Fireside Chats

fireside chat
For several years, the Honors College has organized a series of faculty-hosted dinners called "Fireside Chats" for new Honors freshmen. In addition to providing a venue for informal interaction between faculty and new Honors students, the Fireside Chats serve to welcome Honors students to MSU and promote their participation in our learning community.   

Discussion topics for Fireside Chats are at the discretion of the hosts. Many events are hosted in the homes of faculty members or at campus facilities. In some instances, hosts invite colleagues or upper-level students to share their experiences as well. 

Incoming Honors College freshmen may sign up for Fireside Chats during Fall Welcome in August. The events traditionally occur on Sunday afternoons and evenings.

For more information on Fireside Chats, please contact Dr. Bess German at germanr@msu.edu

Important Notes for Fall 2016 Fireside Chats

  • Be sure that you are available to attend on the posted date and time before registering for a specific chat.
  • Each student may attend one chat.  We ask for your top 3 preferences in case all of the available spaces for your first choice have been filled.
  • Exact locations will be communicated to participants via email.  If the location is off-campus, an on-campus meeting place will be designated and participants will travel together to the chat site.  That is, transportation will be either in a college vehicle, the host's vehicle, by bus, or by foot, depending on proximity.  To request any additional accommodation to reach these venues, please contact Emily Pearson at pears184@msu.edu.

Please sign-up via this Google Form.   

What students said about the experience:

"I had a terrific time at my fireside chat!  The meal was fantastic and the conversation was very relaxed.  All in all, I would say that the fireside chat program is a great way to spend an evening!"

-Aaron O.B., Mathematics

"The fireside chat was very interesting and fun; there was a lot of great food there and the atmosphere was awesome. Talking to faculty outside of a school setting was very nice."

-Zachary B., Engineering 

“The fireside chat has been my favorite event of the year so far; a great night filled with fantastic food, wonderful hosts, and a relaxing way to share my interests with new friends.”

-Kelsey N., Psychology and Economics 

"Dinner was delicious, the faculty offered valuable information in regards to academics and campus life, and I met incredible Honors College colleagues that I will surely be lifelong friends with."

-Thomas M., Physiology and Pre-Med 

“I had a great time at my fireside chat with other Honors College freshman that share my interest in theatre, and two fantastic professors that were really interested in what we had to say and how our first year of college was going. I'm so glad I signed up!”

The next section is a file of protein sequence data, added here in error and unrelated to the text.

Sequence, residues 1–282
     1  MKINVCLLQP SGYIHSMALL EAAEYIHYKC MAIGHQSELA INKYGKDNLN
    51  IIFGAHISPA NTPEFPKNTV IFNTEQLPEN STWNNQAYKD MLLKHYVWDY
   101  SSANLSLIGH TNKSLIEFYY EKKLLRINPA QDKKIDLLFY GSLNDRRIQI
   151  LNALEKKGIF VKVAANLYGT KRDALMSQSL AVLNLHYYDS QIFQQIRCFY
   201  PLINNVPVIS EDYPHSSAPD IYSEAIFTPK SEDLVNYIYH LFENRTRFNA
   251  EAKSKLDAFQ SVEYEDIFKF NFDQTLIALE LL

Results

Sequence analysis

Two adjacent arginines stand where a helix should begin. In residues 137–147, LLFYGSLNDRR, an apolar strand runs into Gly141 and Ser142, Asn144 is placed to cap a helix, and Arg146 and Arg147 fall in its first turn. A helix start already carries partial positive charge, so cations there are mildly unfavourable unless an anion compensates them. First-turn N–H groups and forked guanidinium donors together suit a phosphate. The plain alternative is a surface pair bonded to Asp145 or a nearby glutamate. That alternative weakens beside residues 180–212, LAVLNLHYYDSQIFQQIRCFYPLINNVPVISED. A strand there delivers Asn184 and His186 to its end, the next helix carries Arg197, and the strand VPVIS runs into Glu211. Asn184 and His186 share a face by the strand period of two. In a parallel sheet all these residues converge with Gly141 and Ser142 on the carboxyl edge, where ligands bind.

- Kassia S.General Management 

Fall 2016 Fireside Chats:

Interesting Ideas from a Vibrant Area of Mathematical Research

With Professors Bruce Sagan, Tsveta Sendova, and Mark Iwen

Saturday, September 17, 4:30-7:30pm

Combinatorics is the mathematical domain which deals with discrete structures.  It has seen recent explosive growth in part because of its applications to statistics, physics, and computer science.  Professor Sagan will present a wide range of combinatorial topics for discussion, including some unsolved problems in the area.  Your hosts, Professors Sendova and Iwen, will provide the venue and dinner.  There will also be musical entertainment.

The 21st Century American Family

With Associate Dean and Professor Melanie B. Jacobs

Sunday, September 18, 11am-1:30pm

You are invited to join Dean Jacobs at the MSU College of Law to discuss emerging norms of the 21st Century American Family.  The past fifty years have brought extraordinary changes to family law.  The United States Supreme Court has affirmed the fundamental right of marriage – including the rights of same sex couples to marry.  The Court has further affirmed rights of procreative liberty and abortion; refuted reliance on gender stereotypes in alimony determinations; recognized greater rights for nonmarital children; and also recognized that the Constitution protects intimate sexual conduct between consenting partners.  Despite this enormous progress, gender, income, class, and sexual orientation inequalities still persist.  Moreover, greater access to assisted reproductive technologies (ART) is changing the ways in which state courts and legislatures are defining the legal parent-child relationship. Dean Jacobs has been a member of the College of Law faculty for more than 14 years and also serves as the Associate Dean for Graduate and International Programs.  A former practicing family law attorney in Boston, Professor Jacobs has published nearly a dozen articles about the “new” American family in which she argues against class, sexual orientation, and gender barriers in parentage establishment.   She looks forward to talking with you about family law as well as a wide range of topics from law school to pets, travel, and pop culture.  She will also provide a tour of the law college building.